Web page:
The plaintiff opposes the defendant's motion for judgment as a matter of law. He contends that the record evidence established that Dunand made a screen that resembled the screen depicted in the photographs that plaintiff commissioned and provided to his expert witness for examination. Furthermore, the jury heard evidence from plaintiff's expert witness that no forgeries of Dunand's screens were reported to have reached the marketplace at or about the time Sere acquired his Dunand screen. In addition, no evidence was presented to the jury that established that an original of the screen was possessed by someone other than Sere. Page 7 Furthermore, the plaintiff maintains that the defendant ignored evidence in the trial record that established, not only that his expert witness could perceive no damage to the screen upon examining photographs of it, but, more importantly, that Sere inspected the screen while it was in storage and found no cracks in the lacquer or damage to the edges of the screen. Therefore, according to Sere, the jurors received evidence that the conditions under which the screen was stored had no adverse effect on it. As a result of the evidence he presented at the trial, the plaintiff contends that the defendant is wrong when it claims that findings made by the jury, concerning the authenticity of the Dunand screen he possessed, and its condition at the time of loss, were predicated solely upon an expert witness' "speculations."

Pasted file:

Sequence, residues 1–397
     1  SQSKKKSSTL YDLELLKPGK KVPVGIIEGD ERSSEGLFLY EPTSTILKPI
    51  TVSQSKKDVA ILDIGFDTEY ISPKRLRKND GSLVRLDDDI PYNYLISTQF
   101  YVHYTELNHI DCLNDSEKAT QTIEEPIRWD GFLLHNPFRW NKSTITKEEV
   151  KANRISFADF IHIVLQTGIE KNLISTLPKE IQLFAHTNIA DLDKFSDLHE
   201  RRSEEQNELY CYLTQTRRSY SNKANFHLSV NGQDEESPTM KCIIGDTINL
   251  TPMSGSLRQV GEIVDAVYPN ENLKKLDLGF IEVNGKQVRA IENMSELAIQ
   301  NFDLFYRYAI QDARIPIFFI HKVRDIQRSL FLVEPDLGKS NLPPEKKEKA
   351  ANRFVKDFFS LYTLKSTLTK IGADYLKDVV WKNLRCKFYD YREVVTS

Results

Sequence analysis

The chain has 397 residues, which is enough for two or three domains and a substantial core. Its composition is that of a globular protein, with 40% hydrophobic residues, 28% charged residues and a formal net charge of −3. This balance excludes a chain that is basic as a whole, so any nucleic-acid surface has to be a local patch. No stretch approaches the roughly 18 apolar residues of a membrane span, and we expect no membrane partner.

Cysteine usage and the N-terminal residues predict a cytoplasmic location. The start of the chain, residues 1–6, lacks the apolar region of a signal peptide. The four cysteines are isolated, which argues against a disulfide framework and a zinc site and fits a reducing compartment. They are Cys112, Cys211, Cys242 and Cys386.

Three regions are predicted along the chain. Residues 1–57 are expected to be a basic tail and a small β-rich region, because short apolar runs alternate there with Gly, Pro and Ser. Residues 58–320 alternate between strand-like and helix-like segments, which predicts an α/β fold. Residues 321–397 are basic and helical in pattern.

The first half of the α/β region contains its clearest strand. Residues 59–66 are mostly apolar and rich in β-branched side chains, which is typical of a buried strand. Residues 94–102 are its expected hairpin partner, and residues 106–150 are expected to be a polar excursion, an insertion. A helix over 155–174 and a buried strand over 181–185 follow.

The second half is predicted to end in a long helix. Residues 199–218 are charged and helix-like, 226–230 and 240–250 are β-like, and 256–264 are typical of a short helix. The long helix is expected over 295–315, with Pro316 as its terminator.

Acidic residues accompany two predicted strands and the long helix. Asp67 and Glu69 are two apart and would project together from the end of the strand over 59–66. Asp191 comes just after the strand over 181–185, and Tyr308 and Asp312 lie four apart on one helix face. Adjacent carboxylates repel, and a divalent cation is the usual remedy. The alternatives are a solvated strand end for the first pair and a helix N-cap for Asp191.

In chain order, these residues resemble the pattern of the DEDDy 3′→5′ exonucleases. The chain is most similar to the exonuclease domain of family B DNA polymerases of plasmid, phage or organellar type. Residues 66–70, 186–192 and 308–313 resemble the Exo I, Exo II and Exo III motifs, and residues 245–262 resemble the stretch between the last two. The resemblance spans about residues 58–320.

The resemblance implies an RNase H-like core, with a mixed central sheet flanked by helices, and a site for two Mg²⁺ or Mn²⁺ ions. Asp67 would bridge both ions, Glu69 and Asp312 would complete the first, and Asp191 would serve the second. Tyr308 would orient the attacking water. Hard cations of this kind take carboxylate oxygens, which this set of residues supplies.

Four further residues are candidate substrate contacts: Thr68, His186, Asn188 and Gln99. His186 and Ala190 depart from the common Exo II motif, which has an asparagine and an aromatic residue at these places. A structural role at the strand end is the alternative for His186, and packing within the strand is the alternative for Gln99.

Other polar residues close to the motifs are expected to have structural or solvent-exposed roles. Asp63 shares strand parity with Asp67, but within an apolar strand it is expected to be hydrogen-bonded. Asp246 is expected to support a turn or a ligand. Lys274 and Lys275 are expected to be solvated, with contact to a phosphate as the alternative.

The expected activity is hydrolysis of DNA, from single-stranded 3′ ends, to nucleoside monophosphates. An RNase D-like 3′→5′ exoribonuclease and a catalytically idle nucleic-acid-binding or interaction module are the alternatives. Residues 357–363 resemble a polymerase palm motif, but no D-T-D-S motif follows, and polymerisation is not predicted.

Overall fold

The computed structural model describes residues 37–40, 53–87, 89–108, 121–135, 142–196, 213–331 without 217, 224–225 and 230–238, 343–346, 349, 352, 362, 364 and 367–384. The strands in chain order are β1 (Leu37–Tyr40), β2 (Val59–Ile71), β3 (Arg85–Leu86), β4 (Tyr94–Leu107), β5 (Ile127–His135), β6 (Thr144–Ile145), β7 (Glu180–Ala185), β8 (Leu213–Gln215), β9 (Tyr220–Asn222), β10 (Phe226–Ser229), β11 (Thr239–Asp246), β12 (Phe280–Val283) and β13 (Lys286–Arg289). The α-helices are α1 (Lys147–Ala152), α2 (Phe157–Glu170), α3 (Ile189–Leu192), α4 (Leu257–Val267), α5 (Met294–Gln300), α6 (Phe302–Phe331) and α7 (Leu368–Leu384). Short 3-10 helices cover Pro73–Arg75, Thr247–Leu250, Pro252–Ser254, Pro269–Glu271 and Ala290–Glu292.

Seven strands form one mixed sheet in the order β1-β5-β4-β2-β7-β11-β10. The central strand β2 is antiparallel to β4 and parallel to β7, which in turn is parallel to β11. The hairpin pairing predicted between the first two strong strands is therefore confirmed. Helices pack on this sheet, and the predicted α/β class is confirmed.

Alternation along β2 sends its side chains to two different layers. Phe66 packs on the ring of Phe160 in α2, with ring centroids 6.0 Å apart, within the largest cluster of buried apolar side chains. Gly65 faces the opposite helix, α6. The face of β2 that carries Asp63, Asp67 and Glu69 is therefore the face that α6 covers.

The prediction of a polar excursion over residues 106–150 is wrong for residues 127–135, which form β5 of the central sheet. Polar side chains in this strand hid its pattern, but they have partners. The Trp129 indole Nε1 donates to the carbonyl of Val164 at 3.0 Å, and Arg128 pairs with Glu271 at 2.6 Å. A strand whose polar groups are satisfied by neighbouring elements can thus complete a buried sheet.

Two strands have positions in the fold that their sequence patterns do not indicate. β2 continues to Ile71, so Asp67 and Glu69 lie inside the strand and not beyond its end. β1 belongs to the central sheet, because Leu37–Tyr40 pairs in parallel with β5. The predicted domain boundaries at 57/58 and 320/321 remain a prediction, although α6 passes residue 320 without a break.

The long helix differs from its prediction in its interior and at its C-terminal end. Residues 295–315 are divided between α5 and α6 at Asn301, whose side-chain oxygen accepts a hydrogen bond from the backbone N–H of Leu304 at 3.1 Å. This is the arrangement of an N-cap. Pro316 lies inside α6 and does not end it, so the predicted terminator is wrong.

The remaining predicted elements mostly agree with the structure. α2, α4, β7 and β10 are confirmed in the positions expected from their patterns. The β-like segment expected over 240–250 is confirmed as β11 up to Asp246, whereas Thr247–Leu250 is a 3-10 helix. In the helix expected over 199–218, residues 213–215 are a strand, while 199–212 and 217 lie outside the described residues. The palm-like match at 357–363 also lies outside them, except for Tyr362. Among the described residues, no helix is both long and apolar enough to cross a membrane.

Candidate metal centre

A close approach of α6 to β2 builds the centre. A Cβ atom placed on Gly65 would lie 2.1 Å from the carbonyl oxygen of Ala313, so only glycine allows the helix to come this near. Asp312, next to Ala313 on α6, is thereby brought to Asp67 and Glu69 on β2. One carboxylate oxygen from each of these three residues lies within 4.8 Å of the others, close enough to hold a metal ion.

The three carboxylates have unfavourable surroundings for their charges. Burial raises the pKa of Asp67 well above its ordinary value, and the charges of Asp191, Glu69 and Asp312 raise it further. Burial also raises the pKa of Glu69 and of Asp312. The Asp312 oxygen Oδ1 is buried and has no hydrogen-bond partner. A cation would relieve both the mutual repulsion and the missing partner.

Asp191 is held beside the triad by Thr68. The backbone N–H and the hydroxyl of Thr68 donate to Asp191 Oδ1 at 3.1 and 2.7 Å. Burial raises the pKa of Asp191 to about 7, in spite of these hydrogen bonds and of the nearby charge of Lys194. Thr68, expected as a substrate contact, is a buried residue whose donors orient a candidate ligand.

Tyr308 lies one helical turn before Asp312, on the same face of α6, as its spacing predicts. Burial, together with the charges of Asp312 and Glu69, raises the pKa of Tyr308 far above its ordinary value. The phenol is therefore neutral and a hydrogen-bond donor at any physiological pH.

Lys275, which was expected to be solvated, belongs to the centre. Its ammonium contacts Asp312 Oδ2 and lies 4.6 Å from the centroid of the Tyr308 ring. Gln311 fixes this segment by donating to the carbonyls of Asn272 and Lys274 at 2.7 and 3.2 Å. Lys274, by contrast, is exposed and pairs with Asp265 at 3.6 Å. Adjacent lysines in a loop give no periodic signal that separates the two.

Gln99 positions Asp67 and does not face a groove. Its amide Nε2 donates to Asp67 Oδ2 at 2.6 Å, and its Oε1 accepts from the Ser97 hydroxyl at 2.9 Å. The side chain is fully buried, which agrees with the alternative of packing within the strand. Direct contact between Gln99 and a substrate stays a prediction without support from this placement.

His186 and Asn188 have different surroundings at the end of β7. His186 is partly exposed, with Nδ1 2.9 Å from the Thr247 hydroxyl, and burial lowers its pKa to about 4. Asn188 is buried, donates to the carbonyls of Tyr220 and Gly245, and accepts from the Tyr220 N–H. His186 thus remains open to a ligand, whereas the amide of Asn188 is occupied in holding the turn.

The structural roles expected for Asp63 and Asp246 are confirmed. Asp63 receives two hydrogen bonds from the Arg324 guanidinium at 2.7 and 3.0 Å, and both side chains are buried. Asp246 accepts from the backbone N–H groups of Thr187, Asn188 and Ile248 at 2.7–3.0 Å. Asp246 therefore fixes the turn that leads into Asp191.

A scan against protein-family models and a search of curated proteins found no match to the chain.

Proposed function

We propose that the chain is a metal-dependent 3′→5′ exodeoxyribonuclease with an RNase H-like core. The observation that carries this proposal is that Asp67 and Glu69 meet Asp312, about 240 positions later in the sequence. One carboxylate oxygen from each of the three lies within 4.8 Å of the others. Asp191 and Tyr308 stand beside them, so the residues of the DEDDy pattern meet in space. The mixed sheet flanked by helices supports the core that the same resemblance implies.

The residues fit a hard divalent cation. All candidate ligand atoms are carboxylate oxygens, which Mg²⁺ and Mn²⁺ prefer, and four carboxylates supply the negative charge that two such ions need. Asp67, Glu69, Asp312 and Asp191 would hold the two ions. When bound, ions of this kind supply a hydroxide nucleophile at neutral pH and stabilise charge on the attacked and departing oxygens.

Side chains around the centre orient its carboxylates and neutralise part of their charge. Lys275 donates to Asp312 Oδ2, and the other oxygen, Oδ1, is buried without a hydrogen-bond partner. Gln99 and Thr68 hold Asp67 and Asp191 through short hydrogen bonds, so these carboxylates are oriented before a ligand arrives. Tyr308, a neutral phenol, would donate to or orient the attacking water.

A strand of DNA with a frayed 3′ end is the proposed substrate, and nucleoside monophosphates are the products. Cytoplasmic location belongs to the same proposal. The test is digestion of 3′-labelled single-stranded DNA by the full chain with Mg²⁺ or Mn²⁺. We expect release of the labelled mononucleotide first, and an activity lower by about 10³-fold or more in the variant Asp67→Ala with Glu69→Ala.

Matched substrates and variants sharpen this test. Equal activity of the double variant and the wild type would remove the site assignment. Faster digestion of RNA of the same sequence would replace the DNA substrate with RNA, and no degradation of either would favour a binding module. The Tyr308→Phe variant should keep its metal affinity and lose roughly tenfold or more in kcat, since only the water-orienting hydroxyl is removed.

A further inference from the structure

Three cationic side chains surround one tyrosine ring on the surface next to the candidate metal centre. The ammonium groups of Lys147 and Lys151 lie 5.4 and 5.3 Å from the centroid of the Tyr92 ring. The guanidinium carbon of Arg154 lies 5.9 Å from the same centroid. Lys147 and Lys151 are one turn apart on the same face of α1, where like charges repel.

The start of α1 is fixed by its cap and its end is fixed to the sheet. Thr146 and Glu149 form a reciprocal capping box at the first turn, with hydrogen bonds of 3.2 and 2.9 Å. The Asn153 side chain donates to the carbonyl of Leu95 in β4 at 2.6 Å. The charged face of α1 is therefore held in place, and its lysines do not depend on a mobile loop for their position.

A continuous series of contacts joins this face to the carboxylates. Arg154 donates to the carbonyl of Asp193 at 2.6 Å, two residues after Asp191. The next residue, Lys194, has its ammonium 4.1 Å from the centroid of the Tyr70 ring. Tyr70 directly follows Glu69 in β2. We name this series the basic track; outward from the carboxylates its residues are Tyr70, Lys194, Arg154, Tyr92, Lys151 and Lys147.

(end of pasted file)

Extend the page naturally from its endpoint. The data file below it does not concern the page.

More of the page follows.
With respect to the defendant's claim that its liability should have been limited, based upon the terms and conditions of the New Jersey warehouse receipt and contract for storage that it sent to Sere, the plaintiff contends that the jury rejected that claim reasonably based upon the record evidence. In support of this contention, Sere points to the testimony of McNally's president that he directed his sister to send all of Bowling Green's former customers a copy of the New Jersey warehouse receipt and contract for storage. However, McNally's president stated that he had no direct knowledge that such documents were ever sent to Sere or to any of Bowling Green's other former customers. In addition, Sere contends that the record evidence shows that his agent searched her files and did not find a copy of the warehouse receipt and storage contract that McNally claimed to have sent Sere. Moreover, McNally's president testified that his company's records do not contain a copy of that document signed by Sere. Based on those facts, Sere maintains that the jury could reasonably conclude that: (i) no such document was ever sent Page 8 to Sere; and (ii) McNally was not entitled to enforce the liability limitation provision in that document against the plaintiff.